How to Watch U.S. Women’s Soccer at Tokyo Olympics

How to Watch U.S. Women’s Soccer at Tokyo Olympics originally appeared on NBC Sports Chicago

Perennially a juggernaut on the women’s soccer stage, the United States enters the Tokyo Olympics in uncharted territory. That’s because the last time this team walked off the field at an Olympics, it was walking away without a gold or silver medal.

In five trips prior to the 2016 Rio Olympics, Team USA took home four golds (1996, 2004, 2008, 2012) and one silver (2000). Disaster struck in 2016 when the U.S. fell to Sweden in the quarterfinals during penalty kicks.

Team USA got its first taste of revenge at the 2019 FIFA Women’s World Cup, when it defeated Sweden in the group stage and then won the final over the Netherlands. Attention is back on the Olympics now as the U.S. aims for glory yet again.

Here’s everything you need to know for women’s soccer at the Tokyo Olympics:

What is the TV schedule for USWNT at the Tokyo Olympics?

All women’s soccer games at the Tokyo Olympics will be aired on NBC and NBC-affiliated channels, including NBCSN, the Olympic Channel and Peacock.

More information on how to watch the USWNT can be found on NBC’s full TV and live streaming schedule that includes 5,000-plus hours of Olympic coverage.

When does the U.S. women’s soccer team play?

Team USA was placed in Group G for the group stage matches, along with Australia, New Zealand and Sweden. Each team will play each other once with the top two teams automatically advancing to the knockout rounds. The remaining squads could still qualify for the knockout rounds depending on the final rankings. Here’s the group stage schedule for the U.S. women’s soccer team:

USA vs. Sweden — Wednesday, July 21 at 4:30 a.m. ET (Stream)

USA vs. New Zealand — Saturday, July 24 at 7:30 a.m. ET (Stream)

USA vs. Australia — Tuesday, July 27 at 4 a.m. ET (Stream)

Eight countries will advance to the knockout rounds after the group stage. The quarterfinals will be played on Friday, July 30 and the semifinals are set for Monday, Aug. 2. The bronze medal match begins at 4 a.m. ET on Thursday, Aug. 5, while the gold medal match will be played the same day at 10 p.m.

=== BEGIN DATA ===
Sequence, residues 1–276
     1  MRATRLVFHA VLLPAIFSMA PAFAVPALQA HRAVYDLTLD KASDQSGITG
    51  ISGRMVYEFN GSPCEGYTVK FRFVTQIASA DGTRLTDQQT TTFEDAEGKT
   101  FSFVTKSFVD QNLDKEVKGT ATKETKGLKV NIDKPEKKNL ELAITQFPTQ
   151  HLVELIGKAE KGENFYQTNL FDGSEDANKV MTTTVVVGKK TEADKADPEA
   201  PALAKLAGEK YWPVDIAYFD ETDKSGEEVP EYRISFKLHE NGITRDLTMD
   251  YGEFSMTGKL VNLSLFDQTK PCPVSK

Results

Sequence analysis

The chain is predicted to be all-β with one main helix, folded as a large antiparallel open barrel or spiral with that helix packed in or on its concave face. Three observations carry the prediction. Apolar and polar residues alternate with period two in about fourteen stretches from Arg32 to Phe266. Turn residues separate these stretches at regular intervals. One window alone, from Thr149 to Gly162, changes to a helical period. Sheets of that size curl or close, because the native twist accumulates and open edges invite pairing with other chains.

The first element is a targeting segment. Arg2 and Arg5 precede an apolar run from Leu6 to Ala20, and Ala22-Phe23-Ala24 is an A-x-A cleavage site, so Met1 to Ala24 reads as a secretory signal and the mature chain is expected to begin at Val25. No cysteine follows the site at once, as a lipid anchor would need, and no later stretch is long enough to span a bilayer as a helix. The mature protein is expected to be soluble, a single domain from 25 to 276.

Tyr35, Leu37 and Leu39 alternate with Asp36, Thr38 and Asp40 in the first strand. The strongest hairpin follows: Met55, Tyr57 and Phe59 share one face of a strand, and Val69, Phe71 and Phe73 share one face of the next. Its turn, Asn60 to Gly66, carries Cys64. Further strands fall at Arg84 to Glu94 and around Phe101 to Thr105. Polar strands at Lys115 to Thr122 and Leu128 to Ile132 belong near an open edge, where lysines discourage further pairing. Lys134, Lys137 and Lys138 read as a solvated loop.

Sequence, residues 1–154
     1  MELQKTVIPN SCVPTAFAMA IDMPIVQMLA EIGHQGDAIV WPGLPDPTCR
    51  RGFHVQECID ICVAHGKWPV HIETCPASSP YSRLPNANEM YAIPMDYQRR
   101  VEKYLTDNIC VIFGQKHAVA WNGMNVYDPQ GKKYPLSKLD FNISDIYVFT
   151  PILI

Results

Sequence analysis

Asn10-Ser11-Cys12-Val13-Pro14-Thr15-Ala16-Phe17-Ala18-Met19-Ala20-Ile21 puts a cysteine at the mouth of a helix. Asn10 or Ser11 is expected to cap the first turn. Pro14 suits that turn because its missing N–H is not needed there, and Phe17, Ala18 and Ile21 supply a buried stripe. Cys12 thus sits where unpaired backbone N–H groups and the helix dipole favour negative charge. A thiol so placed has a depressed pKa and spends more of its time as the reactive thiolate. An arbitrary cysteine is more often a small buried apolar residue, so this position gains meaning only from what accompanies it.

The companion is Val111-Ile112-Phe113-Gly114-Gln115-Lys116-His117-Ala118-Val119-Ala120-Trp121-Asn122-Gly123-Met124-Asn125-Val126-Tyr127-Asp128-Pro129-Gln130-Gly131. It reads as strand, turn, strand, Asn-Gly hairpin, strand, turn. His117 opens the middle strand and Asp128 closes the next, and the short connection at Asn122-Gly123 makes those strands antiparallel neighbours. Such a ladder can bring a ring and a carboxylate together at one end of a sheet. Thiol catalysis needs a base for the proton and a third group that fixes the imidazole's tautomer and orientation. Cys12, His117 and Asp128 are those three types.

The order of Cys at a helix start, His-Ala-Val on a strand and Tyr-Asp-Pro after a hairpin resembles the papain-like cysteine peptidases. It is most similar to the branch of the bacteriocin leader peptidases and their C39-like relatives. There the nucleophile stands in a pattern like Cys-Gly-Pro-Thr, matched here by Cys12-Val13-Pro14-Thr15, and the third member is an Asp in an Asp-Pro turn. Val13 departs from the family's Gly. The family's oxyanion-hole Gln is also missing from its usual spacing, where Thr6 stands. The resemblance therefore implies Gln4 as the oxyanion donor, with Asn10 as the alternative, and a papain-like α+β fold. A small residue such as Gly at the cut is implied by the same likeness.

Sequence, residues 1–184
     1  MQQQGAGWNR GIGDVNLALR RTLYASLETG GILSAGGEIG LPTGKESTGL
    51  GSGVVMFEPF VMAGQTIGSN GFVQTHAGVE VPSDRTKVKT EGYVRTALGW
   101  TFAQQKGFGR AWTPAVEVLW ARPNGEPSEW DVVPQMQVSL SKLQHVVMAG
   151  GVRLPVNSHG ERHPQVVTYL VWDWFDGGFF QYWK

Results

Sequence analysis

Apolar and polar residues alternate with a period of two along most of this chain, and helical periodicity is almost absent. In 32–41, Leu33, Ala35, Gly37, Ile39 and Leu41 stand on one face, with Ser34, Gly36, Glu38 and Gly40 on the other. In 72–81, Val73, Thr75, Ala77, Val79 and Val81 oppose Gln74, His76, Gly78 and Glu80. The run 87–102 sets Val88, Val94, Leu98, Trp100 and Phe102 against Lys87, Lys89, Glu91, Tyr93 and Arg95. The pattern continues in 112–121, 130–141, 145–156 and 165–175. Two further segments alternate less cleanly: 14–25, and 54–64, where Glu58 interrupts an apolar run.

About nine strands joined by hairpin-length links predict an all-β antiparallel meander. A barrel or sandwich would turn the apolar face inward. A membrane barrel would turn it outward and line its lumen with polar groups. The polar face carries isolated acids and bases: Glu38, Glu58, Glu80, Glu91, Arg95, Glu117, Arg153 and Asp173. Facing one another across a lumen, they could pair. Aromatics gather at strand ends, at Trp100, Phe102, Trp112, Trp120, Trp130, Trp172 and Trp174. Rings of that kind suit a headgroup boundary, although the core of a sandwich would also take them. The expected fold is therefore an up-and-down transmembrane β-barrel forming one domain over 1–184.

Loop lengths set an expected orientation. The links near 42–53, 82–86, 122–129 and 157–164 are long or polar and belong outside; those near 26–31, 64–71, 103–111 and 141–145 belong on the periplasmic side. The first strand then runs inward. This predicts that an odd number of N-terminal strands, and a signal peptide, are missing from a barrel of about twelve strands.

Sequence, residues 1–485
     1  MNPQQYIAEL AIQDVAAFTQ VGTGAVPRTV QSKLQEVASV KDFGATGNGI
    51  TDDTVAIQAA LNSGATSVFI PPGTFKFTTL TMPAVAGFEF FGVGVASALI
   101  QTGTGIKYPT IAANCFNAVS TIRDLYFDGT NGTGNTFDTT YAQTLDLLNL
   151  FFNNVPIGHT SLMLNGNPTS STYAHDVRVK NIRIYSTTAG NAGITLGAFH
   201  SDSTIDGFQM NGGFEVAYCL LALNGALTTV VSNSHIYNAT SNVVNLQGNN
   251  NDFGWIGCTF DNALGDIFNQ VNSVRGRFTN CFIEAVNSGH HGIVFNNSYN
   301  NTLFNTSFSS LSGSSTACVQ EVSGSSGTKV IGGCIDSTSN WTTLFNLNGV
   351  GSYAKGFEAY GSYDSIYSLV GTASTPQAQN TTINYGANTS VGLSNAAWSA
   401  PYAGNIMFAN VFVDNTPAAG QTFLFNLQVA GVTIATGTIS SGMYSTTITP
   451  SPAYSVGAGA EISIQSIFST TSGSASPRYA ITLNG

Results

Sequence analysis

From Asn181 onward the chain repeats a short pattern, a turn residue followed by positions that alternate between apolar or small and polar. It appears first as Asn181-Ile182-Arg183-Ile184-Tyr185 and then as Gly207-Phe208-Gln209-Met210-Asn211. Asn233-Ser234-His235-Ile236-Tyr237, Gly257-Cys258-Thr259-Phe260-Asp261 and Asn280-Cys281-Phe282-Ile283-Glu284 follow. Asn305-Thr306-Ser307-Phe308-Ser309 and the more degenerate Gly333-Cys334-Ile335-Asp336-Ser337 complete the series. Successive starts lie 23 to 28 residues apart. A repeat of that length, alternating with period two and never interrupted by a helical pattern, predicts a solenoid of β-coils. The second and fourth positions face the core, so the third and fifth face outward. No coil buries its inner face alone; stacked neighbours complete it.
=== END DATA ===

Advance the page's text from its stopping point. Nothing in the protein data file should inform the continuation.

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Who is competing in the Tokyo Olympics for USWNT?

There are a handful of familiar faces competing for Team USA in Tokyo. Carli Lloyd (NJ/NY Gotham FC) returns to the squad for her fourth Olympic appearance at the age of 38. Tobin Heath, 33, will also compete in her record-tying fourth Olympics.

Alex Morgan (Orlando Pride), Megan Rapinoe (OL Reign), Kelley O’Hara (Washington Spirit) and Becky Sauerbrunn (Portland Thorns FC) will all compete in their third Olympics after playing in 2012 and 2016.

Christen Press, Julie Ertz (Chicago Red Stars), Lindsey Horan (Portland Thorns FC), Crystal Dunn (Portland Thorns FC) and Alyssa Naeher (Chicago Red Stars) are set to compete in their second Olympics.

The final seven athletes will all compete in their first Olympics in Tokyo — Rose Lavelle (OL Reign), Kristie Mewis (Houston Dash), Samantha Mewis (North Carolina Courage), Abby Dahlkemper (Manchester City), Tierna Davidson (Chicago Red Stars), Emily Sonnett (Washington Spirit) and Adrianna Franch (Portland Thorns FC).

Head coach Vlatko Andonovski will lead the team in the Olympics after former coach Jill Ellis stepped down in 2019 following the World Cup victory tour.

Which teams are most likely to beat the USWNT in Tokyo?

The U.S. is currently ranked No. 1 in the FIFA World Ranking and will enter the Olympics as the favorite to take home another gold. No. 2 Germany and No. 3 France both failed to qualify for the 2020 Tokyo Olympics, despite Germany winning gold in the 2016 Rio Olympics.

No. 4 Netherlands and No. 5 Sweden will both represent huge threats to Team USA. The Netherlands fell to the U.S. in the 2019 World Cup Final, 2-0, after winning its first six matches. Sweden defeated the U.S. at the 2016 Olympics before losing to Germany in the gold medal match, 2-1. The Swedes also placed third at the 2019 World Cup.

Some of the other best players in the world will also compete in Tokyo, including Australia’s Sam Kerr, Great Britain’s Lucy Bronze and Brazil’s Debinha.

The U.S. must take each and every opponent seriously if it hopes to avoid another Olympic heartbreak.


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